A bit of nonsense is being stirred up by a Latino family in Texas:
“A federal judge has ruled that a Texas school has the right to force a student to wear an ID badge, something she was refusing saying the embedded tracking device is sacrilegious to her Christian faith.
The Tuesday ruling gave the school the right to expel or transfer 15-year-old Andrea Hernandez from the district. It said that if the girl is to stay at the school, she would be required to wear the badge. Otherwise, she would have to transfer to a new school. …
Last fall, the Northside Independent School District began experimenting with ‘locator’ chips in student ID badges on two campuses, allowing administrators to track the whereabouts of 4,200 students with GPS-like precision.
Administrators say the chips make students safer and will help boost attendance records that are used to calculate badly needed state funding.
Hernandez’s suit against Northside –the fourth-largest school district in Texas– argues that the ID rule violates her religious beliefs. Her family says the badge is satanic and a ‘mark of the beast’ that goes against their religion.”
My main gripe with the case has nothing to do with the secular arguments against surveillance and the invasion of privacy. The way I see it, a 15-year-old girl is not a consenting adult and therefore is not vested with the same level of rights that an adult is, especially rights concerning privacy. A parent may enter their child’s room whenever they want and peruse their personal items, just as a teacher or school administration can demand that a student empty their pockets, open their locker, or fork over their cell phone.
Minors enjoy a certain level of respect under the law — the rights which demand they be treated as human beings — but not much, or at least not as much as adults do.
In any case, the family isn’t arguing on the grounds of privacy. They’re saying their religion forbids little Andrea from using the tracking ID.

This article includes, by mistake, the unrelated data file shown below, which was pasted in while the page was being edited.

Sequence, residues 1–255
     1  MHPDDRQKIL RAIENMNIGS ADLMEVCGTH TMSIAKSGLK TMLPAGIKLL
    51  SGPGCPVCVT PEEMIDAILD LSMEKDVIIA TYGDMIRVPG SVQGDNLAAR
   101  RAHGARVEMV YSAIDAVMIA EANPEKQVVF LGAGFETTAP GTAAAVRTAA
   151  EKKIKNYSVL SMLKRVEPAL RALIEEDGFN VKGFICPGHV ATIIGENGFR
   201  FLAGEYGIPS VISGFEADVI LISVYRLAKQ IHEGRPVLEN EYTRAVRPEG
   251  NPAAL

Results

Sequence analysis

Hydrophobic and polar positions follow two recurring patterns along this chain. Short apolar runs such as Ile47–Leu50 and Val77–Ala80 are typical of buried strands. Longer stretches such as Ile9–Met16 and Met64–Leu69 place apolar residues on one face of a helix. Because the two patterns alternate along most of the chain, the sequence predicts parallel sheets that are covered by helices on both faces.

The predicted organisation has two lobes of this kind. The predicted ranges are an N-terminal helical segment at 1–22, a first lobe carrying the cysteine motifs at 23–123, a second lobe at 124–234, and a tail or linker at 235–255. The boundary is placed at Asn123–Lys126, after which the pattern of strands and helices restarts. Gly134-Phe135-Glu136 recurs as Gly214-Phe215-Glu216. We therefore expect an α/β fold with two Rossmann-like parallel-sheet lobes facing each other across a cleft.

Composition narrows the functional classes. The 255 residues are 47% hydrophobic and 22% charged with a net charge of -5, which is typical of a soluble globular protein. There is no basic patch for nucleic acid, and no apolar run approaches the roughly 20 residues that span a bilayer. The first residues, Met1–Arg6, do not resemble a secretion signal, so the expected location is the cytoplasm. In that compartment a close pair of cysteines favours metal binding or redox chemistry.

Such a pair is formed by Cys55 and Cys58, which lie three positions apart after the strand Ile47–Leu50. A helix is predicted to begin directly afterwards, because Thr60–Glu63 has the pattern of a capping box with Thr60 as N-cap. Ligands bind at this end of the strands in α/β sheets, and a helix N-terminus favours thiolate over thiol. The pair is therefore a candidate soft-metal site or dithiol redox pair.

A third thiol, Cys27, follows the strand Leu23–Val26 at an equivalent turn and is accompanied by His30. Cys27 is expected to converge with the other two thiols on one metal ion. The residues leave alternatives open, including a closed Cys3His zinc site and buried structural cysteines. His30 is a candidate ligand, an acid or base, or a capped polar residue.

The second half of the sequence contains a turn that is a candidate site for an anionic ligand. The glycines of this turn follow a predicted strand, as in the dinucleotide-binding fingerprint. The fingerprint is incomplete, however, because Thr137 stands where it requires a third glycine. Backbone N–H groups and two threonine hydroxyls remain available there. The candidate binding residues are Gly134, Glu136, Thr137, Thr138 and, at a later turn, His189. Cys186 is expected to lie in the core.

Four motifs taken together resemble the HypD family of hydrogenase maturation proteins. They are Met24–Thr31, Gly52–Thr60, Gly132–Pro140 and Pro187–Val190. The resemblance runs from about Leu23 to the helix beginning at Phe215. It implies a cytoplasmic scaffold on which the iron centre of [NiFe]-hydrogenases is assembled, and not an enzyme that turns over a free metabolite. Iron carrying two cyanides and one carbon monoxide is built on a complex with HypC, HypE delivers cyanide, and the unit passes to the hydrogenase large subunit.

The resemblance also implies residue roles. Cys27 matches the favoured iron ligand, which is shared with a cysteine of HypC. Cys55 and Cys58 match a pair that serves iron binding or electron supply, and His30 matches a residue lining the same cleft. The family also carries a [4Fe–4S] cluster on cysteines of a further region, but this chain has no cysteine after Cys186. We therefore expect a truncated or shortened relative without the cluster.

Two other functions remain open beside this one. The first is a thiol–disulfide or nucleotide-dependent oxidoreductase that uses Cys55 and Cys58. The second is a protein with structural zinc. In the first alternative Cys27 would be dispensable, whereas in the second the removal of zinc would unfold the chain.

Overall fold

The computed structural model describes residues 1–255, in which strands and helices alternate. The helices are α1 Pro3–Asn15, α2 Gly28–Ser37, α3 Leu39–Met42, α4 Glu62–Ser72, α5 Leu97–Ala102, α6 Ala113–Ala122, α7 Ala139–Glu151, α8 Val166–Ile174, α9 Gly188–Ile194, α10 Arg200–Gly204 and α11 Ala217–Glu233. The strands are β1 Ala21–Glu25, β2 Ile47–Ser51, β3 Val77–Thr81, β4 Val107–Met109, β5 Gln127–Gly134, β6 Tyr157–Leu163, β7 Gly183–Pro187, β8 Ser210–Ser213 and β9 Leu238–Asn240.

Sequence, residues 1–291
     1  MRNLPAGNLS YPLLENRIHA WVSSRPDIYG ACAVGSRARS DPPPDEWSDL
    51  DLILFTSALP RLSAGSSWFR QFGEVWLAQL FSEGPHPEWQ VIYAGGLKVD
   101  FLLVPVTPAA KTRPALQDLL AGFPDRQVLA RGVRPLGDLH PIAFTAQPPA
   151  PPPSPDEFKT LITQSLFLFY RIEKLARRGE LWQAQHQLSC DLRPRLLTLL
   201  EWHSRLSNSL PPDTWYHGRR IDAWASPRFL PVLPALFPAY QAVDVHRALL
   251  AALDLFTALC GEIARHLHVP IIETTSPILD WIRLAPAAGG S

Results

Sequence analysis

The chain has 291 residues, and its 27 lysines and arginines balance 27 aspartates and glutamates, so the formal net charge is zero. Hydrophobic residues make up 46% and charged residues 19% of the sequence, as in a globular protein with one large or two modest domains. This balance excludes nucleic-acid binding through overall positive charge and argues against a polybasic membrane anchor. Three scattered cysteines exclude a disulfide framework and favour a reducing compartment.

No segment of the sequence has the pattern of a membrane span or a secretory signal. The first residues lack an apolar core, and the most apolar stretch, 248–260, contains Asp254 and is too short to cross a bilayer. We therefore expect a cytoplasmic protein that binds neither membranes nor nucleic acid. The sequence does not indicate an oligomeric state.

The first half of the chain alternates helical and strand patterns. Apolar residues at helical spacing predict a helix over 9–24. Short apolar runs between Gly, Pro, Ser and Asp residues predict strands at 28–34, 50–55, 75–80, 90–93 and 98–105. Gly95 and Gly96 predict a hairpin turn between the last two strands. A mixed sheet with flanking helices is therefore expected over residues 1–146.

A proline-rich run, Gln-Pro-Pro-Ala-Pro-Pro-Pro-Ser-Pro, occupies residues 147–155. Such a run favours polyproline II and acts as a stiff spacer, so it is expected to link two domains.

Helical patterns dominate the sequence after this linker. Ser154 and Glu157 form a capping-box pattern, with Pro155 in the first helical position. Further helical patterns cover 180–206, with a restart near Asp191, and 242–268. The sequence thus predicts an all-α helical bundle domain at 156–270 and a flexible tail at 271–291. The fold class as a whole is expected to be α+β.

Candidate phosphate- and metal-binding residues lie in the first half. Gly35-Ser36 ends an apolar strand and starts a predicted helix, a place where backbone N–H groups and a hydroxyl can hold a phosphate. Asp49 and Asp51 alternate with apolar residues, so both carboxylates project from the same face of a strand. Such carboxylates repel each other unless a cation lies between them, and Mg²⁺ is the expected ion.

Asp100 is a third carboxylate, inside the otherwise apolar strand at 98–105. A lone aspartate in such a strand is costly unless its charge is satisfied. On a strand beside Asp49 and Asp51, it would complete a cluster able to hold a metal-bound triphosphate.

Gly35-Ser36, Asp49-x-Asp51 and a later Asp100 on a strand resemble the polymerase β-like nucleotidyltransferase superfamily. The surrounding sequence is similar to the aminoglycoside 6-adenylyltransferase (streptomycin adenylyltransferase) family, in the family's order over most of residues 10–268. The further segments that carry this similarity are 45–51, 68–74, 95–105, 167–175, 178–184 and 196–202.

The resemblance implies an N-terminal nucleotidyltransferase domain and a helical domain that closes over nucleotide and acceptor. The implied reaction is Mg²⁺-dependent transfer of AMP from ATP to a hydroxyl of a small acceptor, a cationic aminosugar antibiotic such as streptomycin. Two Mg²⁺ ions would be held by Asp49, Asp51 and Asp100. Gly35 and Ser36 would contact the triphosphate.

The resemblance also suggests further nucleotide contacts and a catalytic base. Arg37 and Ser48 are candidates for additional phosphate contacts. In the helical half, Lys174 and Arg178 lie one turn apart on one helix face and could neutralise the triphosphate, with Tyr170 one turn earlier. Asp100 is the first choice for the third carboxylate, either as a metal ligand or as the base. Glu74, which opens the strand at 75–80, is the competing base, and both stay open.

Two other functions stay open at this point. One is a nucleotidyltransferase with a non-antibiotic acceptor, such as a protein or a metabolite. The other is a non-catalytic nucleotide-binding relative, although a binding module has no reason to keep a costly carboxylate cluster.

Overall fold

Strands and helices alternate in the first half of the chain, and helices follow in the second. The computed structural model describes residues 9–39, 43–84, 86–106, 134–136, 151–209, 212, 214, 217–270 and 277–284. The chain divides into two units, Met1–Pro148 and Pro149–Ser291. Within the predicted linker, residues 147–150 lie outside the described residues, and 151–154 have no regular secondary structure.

So, coming to what really sticks in my craw, I can’t believe that, in the year 2013, I have to read about a case in which an American family sues an American school over an ID, claiming it violates the family’s religious beliefs — their apparently literal belief in the Book of Revelation, no less. And if I weren’t embarrassed enough as an American, that the family is Latino only adds salt to the wound.
The Book of Revelation — undoubtedly the most deranged pages in already one of the most twisted, cockeyed and savage texts ever produced by our species, written near the close of the first century CE by either a brilliant allegorist or a bona fide schizophrenic living in a cave.
And now, because a couple of Latinos, touched by an angel in the head, think church is more important than school, they’re suing the educators based on something their jabbering, know-nothing pastor told them one Sunday morning. (You have never, in your life, heard of a teacher suing a preacher or a school administrator suing a religious student. Never ever.)
I understand full well the integral role superstitions play in Latino culture. My own sweet and otherwise sharp ‘ita regularly recounts to me how she once saw “una bruja” transform into an owl when she was a little girl in Honduras. I especially love the story of how her father shot and killed un chancho that was attacking him in the woods, and when he returned with his brothers to recover the body, they found a man shot dead.
Latinos seem to have a flair for the fantastical.
To Andrea, who I’m sure doesn’t want to be the center of a kerfuffle between her deranged parents and her high school, just do what all teenagers do whenever parents open their mouths. Say this: “Mom, dad, you’re embarrassing me.”
And maybe, just maybe, you should find something more useful to do with your Sunday mornings.